Market Drayton Festival Centre until Sat 20th October
The curtain went up on the latest Amdrams production to reveal a fictional Amdrams group arriving for a rehearsal. Enthusiastically bubbly Sandra (Sharon Wright) introduced hesitant newcomer Jimmy (Josh Jones) by insisting gleefully, “Not all actors have a nice stage like this.”
How right she was. And it’s a two-way street – not all super venues like Festival Drayton have a local group like the Market Drayton Amateur Dramatic Society able to put on such engaging and entertaining shows. However much I enjoy plays streamed from the National Theatre and Royal Shakespeare Company, there’s a special energy about a live production by local amateurs that is very appealing.
For Curtain Up On Murder, written by Bettine Manktelow in 1997, the Drayton stage was transformed into a theatre at the end of a seaside pier on the south coast. A distinctly dodgy caretaker (Graham Richardson) shared his view of amateur dramatics at the outset: “There’s nothing to it really – as long as you learn the lines and don’t fall over the furniture.” I thought we were being set up for a hilarious comedy where the actors need constant prompting and are forever stumbling over props.
But far from it. Much of the first half of the play centred on the affair between leading woman Sylvia (Lorraine Jones) and leading man Alex (Matt Baker). Alex’s partner Linda (Loveday Cookson) hid in the wings at the rehearsal and discovered them together. She was determined to tell Sylvia’s husband and the play-within-the-play’s director, Martin (Richard Greenwood). The cast handled the emotional content of this significant theme in the play well but they were somewhat let down, I felt, by a script that seemed shallow in its philosophising about marriage and adultery with dialogue that was sometimes trite.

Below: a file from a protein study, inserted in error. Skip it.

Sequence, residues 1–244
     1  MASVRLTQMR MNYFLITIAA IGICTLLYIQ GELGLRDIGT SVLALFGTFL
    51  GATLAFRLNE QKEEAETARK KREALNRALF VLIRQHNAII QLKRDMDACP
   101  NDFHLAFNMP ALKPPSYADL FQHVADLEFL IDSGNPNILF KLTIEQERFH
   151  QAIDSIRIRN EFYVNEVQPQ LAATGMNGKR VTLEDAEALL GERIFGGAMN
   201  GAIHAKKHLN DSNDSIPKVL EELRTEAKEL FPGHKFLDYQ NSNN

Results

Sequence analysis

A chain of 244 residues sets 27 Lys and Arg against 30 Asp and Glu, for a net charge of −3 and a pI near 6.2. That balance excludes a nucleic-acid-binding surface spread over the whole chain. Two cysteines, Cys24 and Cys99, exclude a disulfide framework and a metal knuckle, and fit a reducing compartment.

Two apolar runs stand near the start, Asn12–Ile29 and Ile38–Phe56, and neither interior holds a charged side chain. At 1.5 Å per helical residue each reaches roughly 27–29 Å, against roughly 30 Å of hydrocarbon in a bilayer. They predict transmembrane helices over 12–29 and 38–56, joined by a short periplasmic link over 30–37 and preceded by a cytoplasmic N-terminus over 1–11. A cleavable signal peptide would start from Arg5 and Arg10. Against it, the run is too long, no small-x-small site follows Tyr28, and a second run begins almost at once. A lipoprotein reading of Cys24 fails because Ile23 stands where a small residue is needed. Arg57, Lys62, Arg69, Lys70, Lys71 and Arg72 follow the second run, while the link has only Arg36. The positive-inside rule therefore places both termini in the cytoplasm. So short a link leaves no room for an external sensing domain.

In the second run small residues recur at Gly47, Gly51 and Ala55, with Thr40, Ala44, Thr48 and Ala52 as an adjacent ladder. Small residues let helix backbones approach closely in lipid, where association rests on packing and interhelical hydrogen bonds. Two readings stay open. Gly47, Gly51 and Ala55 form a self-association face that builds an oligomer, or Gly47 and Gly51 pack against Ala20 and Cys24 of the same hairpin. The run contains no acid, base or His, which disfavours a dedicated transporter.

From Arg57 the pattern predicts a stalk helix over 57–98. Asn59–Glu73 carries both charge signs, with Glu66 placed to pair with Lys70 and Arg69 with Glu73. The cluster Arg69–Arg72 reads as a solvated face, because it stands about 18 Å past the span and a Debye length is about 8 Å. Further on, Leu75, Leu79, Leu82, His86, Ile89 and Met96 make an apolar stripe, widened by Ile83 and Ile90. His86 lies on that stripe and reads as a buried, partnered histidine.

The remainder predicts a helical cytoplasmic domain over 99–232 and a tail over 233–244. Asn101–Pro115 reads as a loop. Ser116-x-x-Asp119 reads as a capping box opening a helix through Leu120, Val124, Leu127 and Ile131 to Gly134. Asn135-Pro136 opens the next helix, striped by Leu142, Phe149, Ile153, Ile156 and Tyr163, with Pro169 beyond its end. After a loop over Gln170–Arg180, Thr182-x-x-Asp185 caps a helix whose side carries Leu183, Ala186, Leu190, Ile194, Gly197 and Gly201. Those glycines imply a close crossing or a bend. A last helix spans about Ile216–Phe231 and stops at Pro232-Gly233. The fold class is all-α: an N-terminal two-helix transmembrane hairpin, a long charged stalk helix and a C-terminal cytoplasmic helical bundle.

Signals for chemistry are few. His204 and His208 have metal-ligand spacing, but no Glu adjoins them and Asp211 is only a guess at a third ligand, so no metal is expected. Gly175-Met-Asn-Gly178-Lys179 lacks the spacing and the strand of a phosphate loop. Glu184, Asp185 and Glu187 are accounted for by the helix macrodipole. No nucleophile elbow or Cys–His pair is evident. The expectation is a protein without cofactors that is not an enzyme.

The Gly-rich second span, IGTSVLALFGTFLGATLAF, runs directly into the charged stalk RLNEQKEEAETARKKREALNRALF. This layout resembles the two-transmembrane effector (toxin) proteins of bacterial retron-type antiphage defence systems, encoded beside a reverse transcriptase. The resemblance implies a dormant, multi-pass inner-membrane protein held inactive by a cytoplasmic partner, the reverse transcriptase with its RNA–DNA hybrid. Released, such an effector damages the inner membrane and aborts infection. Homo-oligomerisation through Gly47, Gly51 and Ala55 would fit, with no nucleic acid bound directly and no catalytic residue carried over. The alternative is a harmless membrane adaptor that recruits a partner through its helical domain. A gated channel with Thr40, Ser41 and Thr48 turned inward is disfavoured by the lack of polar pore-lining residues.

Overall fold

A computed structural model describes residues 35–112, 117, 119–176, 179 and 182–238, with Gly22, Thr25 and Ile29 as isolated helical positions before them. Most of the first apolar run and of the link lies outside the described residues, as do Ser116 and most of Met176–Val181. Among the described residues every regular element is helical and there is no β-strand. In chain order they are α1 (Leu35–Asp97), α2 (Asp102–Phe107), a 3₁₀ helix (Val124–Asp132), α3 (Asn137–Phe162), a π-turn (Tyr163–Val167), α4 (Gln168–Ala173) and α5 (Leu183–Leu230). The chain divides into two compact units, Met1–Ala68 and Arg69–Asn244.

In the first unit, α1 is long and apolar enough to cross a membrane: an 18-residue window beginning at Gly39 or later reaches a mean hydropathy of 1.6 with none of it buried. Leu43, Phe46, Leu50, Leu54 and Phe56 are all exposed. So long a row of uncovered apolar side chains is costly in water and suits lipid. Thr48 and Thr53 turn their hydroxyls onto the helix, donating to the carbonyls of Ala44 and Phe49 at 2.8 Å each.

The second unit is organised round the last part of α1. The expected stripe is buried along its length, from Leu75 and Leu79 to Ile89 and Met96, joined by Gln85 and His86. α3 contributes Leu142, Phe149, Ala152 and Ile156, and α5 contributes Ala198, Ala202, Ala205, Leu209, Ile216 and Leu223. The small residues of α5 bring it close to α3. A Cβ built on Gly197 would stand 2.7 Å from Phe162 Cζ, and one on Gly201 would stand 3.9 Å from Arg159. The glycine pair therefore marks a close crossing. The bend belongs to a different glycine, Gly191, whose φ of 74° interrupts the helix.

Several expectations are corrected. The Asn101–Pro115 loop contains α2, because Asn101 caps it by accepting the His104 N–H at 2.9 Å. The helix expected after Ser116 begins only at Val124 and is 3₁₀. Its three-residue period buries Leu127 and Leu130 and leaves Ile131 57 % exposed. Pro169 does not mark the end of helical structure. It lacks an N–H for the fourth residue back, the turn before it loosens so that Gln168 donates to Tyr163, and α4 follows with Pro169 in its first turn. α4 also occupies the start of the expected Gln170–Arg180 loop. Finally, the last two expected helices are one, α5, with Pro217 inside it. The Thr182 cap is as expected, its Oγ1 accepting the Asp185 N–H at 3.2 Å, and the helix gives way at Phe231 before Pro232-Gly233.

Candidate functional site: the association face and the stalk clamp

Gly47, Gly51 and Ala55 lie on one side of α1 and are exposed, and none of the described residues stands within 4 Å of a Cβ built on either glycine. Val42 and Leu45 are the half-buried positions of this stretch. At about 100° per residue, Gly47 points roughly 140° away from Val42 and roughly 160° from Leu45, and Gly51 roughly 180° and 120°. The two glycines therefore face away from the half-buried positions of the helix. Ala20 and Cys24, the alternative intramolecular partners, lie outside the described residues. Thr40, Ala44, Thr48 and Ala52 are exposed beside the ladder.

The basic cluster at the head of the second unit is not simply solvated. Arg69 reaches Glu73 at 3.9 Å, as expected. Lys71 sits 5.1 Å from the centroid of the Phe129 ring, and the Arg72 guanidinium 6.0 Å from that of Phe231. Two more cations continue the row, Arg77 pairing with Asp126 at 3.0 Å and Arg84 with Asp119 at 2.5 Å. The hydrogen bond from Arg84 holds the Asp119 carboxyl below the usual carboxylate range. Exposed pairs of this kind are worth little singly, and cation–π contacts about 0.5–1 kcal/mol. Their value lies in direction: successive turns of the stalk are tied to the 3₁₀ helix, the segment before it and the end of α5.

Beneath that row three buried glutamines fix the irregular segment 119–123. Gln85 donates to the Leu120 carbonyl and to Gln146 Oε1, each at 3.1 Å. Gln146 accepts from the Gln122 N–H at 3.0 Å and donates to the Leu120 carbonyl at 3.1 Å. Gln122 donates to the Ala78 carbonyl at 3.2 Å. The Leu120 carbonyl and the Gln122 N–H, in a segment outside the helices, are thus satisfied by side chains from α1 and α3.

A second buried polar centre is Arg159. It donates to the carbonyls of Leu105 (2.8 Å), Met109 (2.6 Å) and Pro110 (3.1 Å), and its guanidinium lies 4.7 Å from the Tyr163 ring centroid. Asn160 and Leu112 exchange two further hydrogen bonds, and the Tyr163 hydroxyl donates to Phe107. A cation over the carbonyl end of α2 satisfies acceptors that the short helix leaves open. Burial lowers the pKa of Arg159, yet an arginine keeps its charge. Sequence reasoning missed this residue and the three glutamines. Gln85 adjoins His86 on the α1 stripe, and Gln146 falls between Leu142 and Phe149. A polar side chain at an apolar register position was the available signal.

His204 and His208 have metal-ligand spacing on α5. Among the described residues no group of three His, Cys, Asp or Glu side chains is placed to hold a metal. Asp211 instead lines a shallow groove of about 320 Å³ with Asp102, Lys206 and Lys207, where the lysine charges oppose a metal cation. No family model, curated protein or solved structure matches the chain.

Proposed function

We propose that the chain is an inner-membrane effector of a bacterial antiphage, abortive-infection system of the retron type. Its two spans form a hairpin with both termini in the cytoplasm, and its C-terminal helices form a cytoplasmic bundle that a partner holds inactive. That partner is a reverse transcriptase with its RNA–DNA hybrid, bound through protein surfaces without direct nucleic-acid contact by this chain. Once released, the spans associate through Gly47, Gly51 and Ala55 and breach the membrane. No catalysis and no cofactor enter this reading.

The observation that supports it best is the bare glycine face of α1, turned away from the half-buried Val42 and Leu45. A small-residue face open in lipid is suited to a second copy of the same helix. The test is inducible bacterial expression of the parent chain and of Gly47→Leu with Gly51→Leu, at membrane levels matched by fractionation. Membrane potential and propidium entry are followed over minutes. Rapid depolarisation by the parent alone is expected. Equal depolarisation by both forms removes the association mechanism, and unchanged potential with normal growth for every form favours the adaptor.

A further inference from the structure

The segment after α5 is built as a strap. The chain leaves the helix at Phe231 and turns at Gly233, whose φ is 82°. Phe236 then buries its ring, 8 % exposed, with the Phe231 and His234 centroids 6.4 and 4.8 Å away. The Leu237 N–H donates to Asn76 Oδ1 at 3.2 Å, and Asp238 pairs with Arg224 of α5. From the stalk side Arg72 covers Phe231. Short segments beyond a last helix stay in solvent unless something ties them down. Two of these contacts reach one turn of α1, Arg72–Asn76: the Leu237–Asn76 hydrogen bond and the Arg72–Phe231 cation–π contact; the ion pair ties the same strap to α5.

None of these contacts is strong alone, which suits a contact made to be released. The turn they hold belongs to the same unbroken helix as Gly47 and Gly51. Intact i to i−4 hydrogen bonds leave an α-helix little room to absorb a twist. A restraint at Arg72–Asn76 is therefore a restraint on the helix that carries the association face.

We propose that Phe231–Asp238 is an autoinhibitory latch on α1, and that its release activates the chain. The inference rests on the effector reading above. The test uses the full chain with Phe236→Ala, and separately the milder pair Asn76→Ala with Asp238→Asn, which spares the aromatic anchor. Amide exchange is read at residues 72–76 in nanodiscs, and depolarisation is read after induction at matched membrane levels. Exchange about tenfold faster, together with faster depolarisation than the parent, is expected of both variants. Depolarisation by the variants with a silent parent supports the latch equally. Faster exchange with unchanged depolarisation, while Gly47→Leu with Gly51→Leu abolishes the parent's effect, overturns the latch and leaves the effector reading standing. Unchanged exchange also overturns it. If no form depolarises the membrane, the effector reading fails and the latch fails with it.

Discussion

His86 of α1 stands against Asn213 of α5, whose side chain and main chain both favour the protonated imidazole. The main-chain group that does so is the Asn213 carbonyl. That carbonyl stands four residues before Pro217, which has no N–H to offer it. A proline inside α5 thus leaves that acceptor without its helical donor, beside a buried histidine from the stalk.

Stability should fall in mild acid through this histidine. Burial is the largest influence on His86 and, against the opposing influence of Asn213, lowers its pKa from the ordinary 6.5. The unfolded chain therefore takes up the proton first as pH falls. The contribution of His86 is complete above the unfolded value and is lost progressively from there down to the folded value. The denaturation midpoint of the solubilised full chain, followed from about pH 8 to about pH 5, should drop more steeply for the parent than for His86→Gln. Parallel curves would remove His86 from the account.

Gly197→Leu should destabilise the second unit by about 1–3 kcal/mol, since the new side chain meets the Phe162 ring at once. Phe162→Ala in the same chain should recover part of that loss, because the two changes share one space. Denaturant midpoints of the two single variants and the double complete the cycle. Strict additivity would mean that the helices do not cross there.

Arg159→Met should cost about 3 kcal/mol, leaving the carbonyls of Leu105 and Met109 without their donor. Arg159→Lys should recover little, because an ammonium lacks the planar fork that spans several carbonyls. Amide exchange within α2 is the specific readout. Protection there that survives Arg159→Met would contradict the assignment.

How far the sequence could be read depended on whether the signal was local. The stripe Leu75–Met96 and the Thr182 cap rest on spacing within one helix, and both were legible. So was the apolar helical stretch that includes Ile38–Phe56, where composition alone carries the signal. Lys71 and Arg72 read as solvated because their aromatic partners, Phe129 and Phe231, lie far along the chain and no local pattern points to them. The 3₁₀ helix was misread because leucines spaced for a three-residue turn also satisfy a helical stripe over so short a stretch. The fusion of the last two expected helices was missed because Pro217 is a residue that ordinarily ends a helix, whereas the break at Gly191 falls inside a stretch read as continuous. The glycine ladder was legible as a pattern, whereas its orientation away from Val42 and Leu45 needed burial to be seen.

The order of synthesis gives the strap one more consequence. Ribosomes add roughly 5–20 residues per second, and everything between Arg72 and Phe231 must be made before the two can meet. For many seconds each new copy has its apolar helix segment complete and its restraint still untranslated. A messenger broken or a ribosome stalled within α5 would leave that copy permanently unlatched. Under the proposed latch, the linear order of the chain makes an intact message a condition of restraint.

The pace quickened in the second half and the cast handled the plot’s dramatic twists and turns with aplomb. The company found themselves locked in their pier-end theatre as a storm raged outside. One by one they came to a sticky end as it became clear there was a murderer in their midst. No stumbling over furniture then, but multiple cases of expiring on it.
In the spirit of the murder mystery genre it was nicely hammed-up and galloped along most amusingly. I doubt if anyone in the audience nailed the outcome in advance. And there was a beautifully-handled touch at the very end that took us back from the who-dunnit to the stagecraft of theatre.
Alison Woods (as the cheerfully drawn older character Moppet) and Lorraine Jones gave us a welcome comic turn when rehearsing the play-within, as did Richard Greenwood determined to sleep his way through the mayhem.